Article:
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 Lease Extension

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General Information:

The Leasehold Reform Housing and Urban Development Act 1993 (as amended) is legislation which provides an opportunity for an additional term of 90 years, at a peppercorn rent which is basically the same as being rent free. The additional 90 years is plus the present unexpired term.
It could be that you are having problems trying to sell your flat due to the length of term remaining or maybe have a clause which permits a significant rise in the ground rent. This could be based as a percentage of the value of the property which could make the Ground Rent rise to hundreds of pounds in itself significantly effecting the value / saleability of your property. Even if you are buying a flat with a short lease it may be possible for the current owner (assuming they meet the qualification requirements) to serve & register the Initial Notice & then transfer this right to you so that you do not then have to wait the two year period before you can apply for an extension.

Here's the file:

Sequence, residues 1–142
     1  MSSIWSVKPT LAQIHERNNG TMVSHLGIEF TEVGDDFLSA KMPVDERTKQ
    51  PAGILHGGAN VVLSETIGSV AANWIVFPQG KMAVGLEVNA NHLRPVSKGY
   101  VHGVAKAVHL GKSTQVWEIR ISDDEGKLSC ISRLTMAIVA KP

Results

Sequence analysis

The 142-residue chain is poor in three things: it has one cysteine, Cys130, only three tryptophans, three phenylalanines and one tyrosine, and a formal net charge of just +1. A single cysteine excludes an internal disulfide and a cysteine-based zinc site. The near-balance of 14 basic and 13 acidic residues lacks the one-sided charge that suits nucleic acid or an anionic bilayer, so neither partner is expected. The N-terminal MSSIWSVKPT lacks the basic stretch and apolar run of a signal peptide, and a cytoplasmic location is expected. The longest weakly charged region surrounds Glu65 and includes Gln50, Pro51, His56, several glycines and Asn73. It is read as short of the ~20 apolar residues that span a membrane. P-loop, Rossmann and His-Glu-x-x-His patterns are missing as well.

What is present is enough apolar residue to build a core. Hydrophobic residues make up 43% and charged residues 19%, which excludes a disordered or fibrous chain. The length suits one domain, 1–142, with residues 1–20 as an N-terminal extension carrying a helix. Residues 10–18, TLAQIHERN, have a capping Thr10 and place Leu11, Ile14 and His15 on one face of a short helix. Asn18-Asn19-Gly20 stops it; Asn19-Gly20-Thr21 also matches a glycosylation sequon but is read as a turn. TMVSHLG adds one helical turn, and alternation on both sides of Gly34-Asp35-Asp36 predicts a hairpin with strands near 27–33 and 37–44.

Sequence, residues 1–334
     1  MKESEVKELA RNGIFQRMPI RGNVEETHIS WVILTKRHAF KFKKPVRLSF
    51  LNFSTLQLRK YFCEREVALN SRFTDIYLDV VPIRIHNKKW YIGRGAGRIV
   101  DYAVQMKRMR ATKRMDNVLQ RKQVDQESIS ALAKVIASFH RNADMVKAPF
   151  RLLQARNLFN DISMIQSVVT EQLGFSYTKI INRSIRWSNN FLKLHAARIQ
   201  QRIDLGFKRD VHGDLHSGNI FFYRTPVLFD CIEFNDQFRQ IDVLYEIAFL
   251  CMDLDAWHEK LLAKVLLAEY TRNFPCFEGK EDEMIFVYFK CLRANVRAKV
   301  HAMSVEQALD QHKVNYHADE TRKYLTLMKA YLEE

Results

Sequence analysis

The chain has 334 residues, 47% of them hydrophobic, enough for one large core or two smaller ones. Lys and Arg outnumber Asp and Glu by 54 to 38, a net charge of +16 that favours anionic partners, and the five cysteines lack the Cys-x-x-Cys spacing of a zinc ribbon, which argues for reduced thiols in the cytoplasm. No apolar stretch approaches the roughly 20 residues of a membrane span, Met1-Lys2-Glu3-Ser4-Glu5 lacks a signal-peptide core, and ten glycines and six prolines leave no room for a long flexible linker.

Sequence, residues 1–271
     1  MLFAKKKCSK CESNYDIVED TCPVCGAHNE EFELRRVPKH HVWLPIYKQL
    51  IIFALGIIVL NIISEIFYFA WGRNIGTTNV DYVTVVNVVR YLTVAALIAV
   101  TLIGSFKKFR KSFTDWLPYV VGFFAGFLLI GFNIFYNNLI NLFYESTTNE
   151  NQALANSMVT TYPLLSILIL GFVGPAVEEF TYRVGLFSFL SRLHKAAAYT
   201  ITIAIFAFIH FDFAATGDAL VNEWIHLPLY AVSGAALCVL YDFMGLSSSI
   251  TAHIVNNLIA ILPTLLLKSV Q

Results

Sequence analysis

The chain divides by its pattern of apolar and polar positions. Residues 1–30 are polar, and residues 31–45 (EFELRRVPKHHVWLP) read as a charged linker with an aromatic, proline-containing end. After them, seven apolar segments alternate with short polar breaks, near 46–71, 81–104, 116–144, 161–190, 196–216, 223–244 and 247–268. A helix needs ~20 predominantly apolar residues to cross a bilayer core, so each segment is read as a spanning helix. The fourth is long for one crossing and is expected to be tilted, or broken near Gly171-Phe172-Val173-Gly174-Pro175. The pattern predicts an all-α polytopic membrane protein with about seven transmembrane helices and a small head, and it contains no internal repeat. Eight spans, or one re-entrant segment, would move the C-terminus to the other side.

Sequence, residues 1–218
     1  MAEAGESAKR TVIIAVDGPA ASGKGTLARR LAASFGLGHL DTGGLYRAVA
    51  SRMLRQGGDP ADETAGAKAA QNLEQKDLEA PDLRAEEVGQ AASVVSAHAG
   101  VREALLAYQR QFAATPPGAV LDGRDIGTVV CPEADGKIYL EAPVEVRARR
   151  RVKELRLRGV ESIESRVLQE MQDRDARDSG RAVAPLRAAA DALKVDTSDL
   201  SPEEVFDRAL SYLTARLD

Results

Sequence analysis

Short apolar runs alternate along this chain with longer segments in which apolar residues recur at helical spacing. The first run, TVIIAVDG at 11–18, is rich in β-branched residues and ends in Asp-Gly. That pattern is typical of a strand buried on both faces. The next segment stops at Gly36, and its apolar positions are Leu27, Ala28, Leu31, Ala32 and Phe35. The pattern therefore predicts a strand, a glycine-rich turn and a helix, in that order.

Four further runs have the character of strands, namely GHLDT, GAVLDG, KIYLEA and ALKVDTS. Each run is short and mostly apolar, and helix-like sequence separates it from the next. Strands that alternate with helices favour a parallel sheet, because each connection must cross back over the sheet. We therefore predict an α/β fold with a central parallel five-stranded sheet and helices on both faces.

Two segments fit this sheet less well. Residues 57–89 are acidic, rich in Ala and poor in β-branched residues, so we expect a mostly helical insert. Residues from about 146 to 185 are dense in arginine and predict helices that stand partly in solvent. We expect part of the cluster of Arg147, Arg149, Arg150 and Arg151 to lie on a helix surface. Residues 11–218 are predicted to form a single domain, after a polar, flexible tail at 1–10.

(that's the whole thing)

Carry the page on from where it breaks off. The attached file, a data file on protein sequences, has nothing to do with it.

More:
Under legislation, a lease extension should be for a term of 90 years IN ADDITION to the current unexpired term & it should be at a nil ground rent. A number of landlords try to either ignore a direct request (we presume that as the lease is continually decreasing in length, the cost of the extension is potentially increasing) or offer shorter extensions & increase the ground rent from the amount presently payable in the process. Often people do not appreciate quite how much a Landlord will receive where a ground rent is still payable. As an example, say you have a lease with 78 years remaining & the Landlord agreed to an extension so the lease was in total 125 years but included a ground rent of say £250 per annum, doubling every 20 years. This would relate to a staggering £395,000 in ground rent alone!! Furthermore, you would only be getting a 47 year extension when you could be entitled to a 168 year lease & not pay any ground rent.  Therefore there really can be a vast difference between in a 90 year extension in addition to the remaining unexpired term at a nil ground rent, but a Landlord is only obliged to grant this where a formal Notice is served upon him & not simply by an informal request.